A gasoline tax – perpetuates collecting money from everyone .. then using to political process for deciding who gets to spend it. It breeds unaccountable and unobjective winner-take-all decision-making.

    I DO like the creativity of the plan for maintenance but it is flawed

    There is no incentive/disincentive to land-use decisions that would result in more roads to maintain.

    So – a locality that chooses to approve high growth – gets rewarded by having all taxpayers pick up their maintenance costs.

    Reform must have a mechanism to hold a locality fiscally responsible for road costs due to it’s development practices.

    Subdivision road maintenance needs to be the responsibility of local jurisdictions. Let them decide if they want to do it with property taxes, HOAs, CDA, impact fees.. whatever – as long as they are held accountable by their own constituents for their land-use decisions.

    Right now – developer-friendly BOS.. essentially have other jursidictions taxpayers subsidize their road maintenance.

    In other words, there is no reward for other localities to more carefully manage growth if, in the end, everyone gets to pay the same tax for maintenance.

  2. Jim Bacon Avatar

    Larry, You make a very good point regarding maintenance: There is no incentive for local governments to take into account road construction/maintenance costs when they make their zoning decisions.

    That’s why it’s important to devolve responsibility/resources for road maintenance to local governments — or, at least, to the fast-growth counties. That happens to be the subject of the article I’m research right now. Stay tuned.

  3. Larry Gross Avatar
    Larry Gross

    With regard to Economic Development roads… which pains me just thinking about it…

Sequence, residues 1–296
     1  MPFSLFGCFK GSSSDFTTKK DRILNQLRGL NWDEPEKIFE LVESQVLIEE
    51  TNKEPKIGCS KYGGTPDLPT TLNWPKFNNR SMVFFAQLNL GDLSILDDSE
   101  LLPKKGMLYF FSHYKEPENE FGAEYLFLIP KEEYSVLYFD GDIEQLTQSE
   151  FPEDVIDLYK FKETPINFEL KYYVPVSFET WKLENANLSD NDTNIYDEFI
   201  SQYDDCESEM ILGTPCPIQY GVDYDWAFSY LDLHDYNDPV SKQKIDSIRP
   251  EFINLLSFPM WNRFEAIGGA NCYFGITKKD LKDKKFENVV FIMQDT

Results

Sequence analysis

There needs to be some explicit criteria so that the category does not get abused and/or used in mischevious ways not intended.

    There also needs to be Regional involvement/ownership both in terms of voice support but financial support.

    The money available will vary year-by-year.

    I’d set it up like the TE funds.

    Have the localities compete for the funding. Have a way to objective rank them in terms of a point system based on objective cost/benefit, ROI data.

    And.. push those regions that will match funding or better .. to the top of the stack.

    Push proposals that essentially are back-door, sneak-type propoals.. without local support… to the absolute bottom of the list.

  4. Jim:

    I am not familiar with the “Vehicle Miles Drive Tax” concept.

    When you get a sec, please let me know.

  5. Jim Bacon Avatar

    Hi, George, I refer you to most recent post, “What Will Replace the Gas Tax?

  6. Anonymous Avatar

    The Virginia Manufacturing Association and Virginia Trucking Association strongly opposed tolls on existing highways.

  7. Toomanytaxes Avatar

    Economic Development – Why not combine some tax/appropriations changes and revenue bonds. The Commonwealth could change its laws to allow local jurisdictions to retain a percentage of the additional personal and corporate income generated by development from these highway projects. Those funds and a percentage of the increased real estate taxes could be dedicated (and nothing more) to the payment of principal and interest for revenue bonds that finance these new roads.

    What I have in mind is something similar to the PPTA, but with local governments acting as the private entity. This approach keeps money-losing projects from having access to the public trough of general revenues, while rewarding local governments by letting them keep a portion of the additional income taxes generated by growth.

    Question for 4:36. Did the VAM and VTA oppose increasing tolls on the the Dulles Toll Road for the construction of the Silver Line? Thanks.

  8. Ray Hyde Avatar

    “Virginia’s transportation system clearly needs more revenue. The trouble is, lawmakers steadfastly refuse, for fear of alienating voters, to raise the gasoline tax.


    “Because such projects constitute an inter-regional transfer of wealth, they should compete with other priorities in the political bargaining process — not put on transportation funding auto pilot.”

    YES, YES.

  9. Ray Hyde Avatar

    A gas tax only collects from those that drive. It collects more from those that drive more, and it collects more from those that drive larger, heavier, more powerful, and more wasteful vehicles. Indirectly, it collects from those that have their products delivered.